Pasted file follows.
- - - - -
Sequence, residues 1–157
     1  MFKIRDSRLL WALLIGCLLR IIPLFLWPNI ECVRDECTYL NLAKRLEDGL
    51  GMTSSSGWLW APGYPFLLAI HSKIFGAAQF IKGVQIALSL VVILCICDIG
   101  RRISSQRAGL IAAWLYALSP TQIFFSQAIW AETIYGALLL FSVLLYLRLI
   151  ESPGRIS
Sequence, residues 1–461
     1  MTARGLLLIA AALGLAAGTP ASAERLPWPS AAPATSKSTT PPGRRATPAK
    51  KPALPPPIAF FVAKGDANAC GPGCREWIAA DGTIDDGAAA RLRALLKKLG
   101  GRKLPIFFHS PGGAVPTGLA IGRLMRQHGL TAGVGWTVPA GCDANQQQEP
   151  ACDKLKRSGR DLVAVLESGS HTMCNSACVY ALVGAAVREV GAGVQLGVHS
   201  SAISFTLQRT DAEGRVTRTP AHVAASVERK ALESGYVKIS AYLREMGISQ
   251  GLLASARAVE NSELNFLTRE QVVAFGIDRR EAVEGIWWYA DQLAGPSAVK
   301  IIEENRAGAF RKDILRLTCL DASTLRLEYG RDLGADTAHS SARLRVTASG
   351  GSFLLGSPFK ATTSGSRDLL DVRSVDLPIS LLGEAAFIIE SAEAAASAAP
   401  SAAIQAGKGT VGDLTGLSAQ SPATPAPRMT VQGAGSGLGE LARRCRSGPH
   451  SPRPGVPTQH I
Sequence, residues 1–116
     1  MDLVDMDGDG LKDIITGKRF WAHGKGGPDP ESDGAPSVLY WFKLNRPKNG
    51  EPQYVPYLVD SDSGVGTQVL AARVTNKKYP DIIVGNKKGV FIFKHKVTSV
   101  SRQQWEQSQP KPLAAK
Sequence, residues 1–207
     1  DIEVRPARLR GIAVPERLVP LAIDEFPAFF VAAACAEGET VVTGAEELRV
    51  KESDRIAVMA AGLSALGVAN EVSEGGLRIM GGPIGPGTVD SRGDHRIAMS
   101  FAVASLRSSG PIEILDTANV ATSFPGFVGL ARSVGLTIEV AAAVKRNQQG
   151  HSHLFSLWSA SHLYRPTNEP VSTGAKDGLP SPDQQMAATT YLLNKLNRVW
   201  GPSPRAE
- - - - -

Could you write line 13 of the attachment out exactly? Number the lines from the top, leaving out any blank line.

   301  IIEENRAGAF RKDILRLTCL DASTLRLEYG RDLGADTAHS SARLRVTASG